Marine collagen (collagen derived from fish) is relatively new in the collagen supplement space. Whether you choose marine collagen or other collagen sources, you still reap the same benefits for your skin, bones, and joints. However, people with shellfish allergies would be better off taking bovine collagen instead.

Whey protein, on the other hand, is a result of manufacturing cheese, such as cheddar or Swiss cheese. Enzymes are added to milk, which consists of casein and whey. Milk then forms lumps or curds and whey (in liquid form). The curd is strained while the whey is filtered and spray dried to create a powder.

In a nutshell, collagen and whey are animal-derived proteins. (Also, while animal collagen is popular, some vegan-friendly products are available that claim to boost collagen production.)

Amino Acid Profile

When it comes to the amino acid profiles of collagen protein vs whey, whey is the obvious winner. Here’s why:

Whey has a very high nutritional value in that it provides 20 amino acids (essential and non-essential amino acids). Of these 20 amino acids, whey has all of the 9 essential amino acids — phenylalanine, valine, tryptophan, threonine, isoleucine, methionine, histidine, leucine, and lysine (*). 

On top of that, whey has a high concentration of branched-chain amino acids (BCAAs) which are valine, leucine, and isoleucine. Research shows that BCAAs have protein anabolic properties — meaning, they stimulate muscle growth (*). 

In addition, BCAA supplementation reduces fatigue during exercise (*). Leucine, in particular, is known for suppressing appetite and decreasing body fat (* , *).

Contrastingly, collagen has a low biological value, which means that it is missing at least one essential amino acid. Regardless of its source, collagen has only 19 amino acids. Of these 19 amino acids, it has only 8 essential amino acids. It has low BCAAs (*).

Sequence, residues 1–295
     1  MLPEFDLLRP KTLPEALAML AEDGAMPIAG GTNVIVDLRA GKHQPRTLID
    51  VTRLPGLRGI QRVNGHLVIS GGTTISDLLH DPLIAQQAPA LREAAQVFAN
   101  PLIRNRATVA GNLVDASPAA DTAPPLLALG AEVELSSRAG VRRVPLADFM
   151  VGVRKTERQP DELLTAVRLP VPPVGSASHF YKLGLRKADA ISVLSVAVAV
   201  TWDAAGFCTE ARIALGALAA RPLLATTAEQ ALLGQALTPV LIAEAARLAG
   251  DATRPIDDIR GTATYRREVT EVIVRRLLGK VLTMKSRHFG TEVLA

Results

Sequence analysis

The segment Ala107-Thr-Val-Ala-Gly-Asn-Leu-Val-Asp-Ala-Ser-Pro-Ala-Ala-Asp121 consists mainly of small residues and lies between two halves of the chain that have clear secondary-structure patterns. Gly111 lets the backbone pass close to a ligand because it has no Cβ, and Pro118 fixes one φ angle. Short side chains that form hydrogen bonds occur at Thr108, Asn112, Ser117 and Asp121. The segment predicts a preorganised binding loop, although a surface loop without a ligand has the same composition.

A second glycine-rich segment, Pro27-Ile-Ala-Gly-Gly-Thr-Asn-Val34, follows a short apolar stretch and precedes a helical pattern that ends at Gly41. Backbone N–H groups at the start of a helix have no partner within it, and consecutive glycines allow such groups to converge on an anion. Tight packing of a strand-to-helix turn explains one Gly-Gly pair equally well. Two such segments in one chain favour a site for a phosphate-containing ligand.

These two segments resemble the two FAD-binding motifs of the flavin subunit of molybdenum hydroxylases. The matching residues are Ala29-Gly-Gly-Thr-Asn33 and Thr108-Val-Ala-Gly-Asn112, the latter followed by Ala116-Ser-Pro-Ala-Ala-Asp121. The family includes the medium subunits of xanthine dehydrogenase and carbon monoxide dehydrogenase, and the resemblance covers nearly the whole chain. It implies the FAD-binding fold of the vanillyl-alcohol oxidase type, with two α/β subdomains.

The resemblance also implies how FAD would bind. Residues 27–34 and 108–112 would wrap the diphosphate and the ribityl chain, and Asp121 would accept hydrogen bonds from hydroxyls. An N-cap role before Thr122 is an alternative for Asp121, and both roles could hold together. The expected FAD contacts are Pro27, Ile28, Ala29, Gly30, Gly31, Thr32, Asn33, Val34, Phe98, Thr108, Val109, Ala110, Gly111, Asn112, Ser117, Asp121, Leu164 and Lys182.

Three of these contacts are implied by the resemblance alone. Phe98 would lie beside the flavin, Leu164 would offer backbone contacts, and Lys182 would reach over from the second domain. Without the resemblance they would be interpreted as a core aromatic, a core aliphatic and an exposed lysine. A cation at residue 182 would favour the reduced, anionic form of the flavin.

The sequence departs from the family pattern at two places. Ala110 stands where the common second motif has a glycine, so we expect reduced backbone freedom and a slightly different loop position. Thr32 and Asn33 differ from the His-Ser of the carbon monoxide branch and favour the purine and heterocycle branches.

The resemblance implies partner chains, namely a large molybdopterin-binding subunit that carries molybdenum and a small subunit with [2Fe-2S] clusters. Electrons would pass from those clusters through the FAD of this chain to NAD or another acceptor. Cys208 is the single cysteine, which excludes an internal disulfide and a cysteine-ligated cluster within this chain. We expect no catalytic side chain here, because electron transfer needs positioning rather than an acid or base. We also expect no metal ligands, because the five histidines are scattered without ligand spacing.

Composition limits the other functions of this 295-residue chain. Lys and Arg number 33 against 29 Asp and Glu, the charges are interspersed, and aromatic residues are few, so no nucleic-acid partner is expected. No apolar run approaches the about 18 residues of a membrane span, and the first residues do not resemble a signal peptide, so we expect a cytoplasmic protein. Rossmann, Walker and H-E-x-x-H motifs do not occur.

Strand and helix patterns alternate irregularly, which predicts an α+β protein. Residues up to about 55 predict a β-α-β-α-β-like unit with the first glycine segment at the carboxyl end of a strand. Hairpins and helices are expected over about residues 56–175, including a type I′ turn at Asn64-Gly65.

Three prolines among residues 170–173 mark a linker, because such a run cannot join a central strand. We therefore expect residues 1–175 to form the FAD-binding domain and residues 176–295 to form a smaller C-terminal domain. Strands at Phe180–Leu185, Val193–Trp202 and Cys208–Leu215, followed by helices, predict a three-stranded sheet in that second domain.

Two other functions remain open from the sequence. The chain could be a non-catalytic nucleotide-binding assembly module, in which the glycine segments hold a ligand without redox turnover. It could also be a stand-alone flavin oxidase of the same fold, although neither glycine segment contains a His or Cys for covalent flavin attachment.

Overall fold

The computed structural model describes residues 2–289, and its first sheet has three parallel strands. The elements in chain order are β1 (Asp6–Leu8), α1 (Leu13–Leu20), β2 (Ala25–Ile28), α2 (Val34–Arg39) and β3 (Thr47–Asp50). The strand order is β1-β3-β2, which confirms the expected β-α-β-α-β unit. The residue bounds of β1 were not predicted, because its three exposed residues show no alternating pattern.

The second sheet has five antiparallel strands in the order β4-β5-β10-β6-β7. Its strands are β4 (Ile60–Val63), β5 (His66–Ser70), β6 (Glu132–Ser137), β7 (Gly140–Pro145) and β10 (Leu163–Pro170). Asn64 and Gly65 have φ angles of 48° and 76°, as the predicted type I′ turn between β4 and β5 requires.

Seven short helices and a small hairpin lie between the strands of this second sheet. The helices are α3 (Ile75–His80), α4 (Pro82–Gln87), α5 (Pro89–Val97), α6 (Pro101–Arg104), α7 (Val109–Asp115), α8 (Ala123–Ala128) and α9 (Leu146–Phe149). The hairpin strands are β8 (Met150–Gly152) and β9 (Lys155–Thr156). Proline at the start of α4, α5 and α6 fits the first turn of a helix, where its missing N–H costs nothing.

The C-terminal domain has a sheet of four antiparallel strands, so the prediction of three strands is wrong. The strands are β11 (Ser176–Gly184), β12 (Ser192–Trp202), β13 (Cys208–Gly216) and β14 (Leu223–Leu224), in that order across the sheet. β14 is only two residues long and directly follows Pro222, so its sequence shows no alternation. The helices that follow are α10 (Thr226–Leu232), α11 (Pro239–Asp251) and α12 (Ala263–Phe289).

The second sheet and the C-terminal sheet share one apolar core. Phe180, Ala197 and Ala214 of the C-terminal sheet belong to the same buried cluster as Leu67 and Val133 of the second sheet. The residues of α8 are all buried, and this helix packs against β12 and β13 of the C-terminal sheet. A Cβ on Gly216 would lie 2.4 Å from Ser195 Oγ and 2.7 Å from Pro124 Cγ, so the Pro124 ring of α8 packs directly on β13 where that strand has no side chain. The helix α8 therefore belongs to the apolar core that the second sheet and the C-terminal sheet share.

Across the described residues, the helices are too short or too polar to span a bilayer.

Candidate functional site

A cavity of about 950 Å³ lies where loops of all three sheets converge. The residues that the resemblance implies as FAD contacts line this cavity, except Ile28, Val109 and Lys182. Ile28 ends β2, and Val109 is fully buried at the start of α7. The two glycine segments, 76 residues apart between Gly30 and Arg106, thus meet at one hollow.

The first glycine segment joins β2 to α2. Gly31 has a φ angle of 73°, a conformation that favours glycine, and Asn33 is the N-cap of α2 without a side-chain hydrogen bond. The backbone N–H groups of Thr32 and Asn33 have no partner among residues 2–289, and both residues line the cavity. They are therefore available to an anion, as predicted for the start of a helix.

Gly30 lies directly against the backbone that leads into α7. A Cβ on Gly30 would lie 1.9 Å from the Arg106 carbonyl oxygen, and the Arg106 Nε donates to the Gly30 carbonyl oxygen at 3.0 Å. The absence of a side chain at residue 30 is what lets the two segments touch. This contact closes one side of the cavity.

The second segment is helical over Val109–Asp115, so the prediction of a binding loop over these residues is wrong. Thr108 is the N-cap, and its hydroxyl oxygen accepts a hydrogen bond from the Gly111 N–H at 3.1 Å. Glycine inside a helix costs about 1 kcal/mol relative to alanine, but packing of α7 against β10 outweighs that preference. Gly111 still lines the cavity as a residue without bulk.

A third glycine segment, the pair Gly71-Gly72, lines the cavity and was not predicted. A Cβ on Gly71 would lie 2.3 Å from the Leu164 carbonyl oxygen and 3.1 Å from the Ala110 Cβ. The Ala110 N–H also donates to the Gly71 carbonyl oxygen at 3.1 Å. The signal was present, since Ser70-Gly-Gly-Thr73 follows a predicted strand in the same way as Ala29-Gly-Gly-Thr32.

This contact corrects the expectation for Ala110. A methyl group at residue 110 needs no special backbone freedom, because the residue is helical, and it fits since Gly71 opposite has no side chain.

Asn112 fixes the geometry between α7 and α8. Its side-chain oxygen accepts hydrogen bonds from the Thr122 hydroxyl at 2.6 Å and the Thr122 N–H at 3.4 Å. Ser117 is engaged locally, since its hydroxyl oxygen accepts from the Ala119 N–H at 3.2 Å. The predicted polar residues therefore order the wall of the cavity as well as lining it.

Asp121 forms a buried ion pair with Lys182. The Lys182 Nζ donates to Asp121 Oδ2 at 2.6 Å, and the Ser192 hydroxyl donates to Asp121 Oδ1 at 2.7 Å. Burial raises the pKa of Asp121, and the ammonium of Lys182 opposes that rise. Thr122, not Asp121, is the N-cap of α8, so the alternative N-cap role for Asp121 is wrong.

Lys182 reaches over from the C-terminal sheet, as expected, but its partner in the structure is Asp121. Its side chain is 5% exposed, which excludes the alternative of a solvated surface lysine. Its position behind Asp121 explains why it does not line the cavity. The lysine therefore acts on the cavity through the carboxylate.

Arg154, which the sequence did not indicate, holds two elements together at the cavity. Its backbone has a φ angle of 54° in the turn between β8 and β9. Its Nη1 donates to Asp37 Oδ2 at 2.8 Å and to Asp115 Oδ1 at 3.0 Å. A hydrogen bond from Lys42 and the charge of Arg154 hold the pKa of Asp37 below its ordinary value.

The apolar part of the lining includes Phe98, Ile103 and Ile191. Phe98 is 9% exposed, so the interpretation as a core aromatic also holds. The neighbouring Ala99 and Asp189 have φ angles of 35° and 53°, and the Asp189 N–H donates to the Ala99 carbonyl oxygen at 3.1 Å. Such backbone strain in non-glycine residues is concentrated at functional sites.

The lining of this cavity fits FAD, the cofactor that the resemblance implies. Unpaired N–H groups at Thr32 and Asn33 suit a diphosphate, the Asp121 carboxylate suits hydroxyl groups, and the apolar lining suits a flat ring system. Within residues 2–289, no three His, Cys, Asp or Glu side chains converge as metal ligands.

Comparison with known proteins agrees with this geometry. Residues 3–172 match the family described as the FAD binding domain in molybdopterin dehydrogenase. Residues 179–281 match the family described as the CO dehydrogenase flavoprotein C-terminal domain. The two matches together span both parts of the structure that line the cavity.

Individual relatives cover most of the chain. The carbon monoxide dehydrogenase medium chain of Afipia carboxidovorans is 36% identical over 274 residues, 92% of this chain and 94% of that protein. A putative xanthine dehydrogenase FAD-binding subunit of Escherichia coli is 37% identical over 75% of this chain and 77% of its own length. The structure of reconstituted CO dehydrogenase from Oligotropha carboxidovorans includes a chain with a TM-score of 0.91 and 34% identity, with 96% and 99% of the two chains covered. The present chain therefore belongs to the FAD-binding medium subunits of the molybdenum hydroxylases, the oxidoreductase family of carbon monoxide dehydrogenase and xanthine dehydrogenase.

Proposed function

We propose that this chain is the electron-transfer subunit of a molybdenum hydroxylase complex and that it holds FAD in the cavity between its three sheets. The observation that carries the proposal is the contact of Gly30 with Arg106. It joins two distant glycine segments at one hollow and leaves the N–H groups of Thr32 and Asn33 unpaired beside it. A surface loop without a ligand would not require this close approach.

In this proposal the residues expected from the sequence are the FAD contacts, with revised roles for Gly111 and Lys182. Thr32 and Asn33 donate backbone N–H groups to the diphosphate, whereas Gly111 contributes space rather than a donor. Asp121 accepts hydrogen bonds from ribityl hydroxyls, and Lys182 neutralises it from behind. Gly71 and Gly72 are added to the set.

However, while collagen contains low amounts of amino acids for muscle synthesis, it has relatively high amounts of the amino acids glycine, proline, and arginine. It also provides high amounts of hydroxyproline, which is rarely found in other proteins (*). This unique amino acid profile makes collagen protein supplements beneficial for wound healing, bone health, protection against intestinal disorders (leaky gut, for example), and anti-aging effects (* , *, * ).

Molecule Size & Solubility

Collagen molecules have a triple helical protein structure comprising three chains with repeating sequences. For instance, type I collagen, which is the most abundant collagen that’s found in your skin, tendons, bones, and ligaments, and has a diameter of 1.6 nm and a length of about 300 nm (*).

Regarding solubility, collagen is insoluble; however, breaking it down into amino acids — as in the case of hydrolyzed collagen supplements — makes it dissolvable in water.

Whey protein has a complex structure with globular protein molecules (*). Whey molecules are small and one of their unique properties is that they’re soluble in water, which makes whey great for beverages (*).

One important thing to note is that whey is sensitive to heat and will denature when mixed with high temperature water[*]. Boiling water, for example. If you’ve tried adding whey protein powder directly to hot water, you may have noticed clumps forming.

Absorption

If you’re interested in taking a collagen supplement, choose hydrolyzed collagen. This is because hydrolyzed collagen, which is composed of small peptides, can be easily digested and absorbed in your body (*).

Some hydrolyzed collagen supplements have added vitamin C to boost collagen production in your body as well as healing, in case of an injury (*). This isn’t necessary to enjoy the benefits of collagen unless it’s your personal choice to supplement with vitamin C along with collagen.

There’s a reason why whey protein is a popular choice for building muscles, supporting weight loss, and promoting satiety — it’s a fast-acting protein.

Research shows that the estimated absorption rate of whey protein is 10 grams per hour. So, if you would consume a 20-gram dose of whey, it takes about 2 hours to completely absorb the entire dose (*).

Muscle Building

Between collagen peptides vs whey, whey is the best option for preserving and increasing muscle mass. Leucine, a branched-chain amino acid that directly affects protein synthesis in skeletal muscles, is higher in whey than in collagen (*).

It’s important to note that collagen is also found in skeletal muscle, therefore it can also support muscle mass. One study found that subjects over 65 years old who took collagen peptides in combination with resistance training were able to experience an increase in muscle mass and a decrease in fat mass (*).